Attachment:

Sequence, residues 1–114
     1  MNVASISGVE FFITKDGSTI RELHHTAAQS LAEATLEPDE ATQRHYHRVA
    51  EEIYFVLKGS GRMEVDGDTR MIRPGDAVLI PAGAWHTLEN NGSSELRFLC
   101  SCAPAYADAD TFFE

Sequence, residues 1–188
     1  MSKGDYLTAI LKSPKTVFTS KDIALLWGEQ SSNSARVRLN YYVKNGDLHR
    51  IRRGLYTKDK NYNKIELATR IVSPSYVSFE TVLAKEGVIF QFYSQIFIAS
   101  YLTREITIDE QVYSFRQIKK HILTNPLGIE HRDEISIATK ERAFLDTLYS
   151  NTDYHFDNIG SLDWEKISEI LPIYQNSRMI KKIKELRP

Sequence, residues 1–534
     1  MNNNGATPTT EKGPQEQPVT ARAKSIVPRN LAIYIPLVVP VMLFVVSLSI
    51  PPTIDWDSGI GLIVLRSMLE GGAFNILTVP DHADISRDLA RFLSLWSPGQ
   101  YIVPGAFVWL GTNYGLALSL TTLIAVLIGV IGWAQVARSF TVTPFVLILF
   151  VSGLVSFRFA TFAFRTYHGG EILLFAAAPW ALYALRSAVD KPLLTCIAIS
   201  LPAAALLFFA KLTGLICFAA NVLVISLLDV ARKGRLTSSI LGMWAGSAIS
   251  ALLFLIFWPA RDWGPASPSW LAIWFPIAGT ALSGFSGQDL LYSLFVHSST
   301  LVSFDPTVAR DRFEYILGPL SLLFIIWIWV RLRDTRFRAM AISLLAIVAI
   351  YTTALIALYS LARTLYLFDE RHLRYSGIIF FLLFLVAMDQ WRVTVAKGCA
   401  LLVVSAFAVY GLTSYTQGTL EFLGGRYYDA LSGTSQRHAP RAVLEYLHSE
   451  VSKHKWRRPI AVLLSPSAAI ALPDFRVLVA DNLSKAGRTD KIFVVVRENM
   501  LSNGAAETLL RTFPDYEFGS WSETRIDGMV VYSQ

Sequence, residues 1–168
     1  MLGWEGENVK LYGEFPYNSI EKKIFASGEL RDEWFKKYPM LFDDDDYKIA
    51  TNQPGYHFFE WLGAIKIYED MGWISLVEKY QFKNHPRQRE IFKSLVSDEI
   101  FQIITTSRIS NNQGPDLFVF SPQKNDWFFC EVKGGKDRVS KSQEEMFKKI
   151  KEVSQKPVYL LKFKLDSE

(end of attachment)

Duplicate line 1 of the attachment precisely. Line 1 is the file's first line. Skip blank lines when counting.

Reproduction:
Sequence, residues 1–114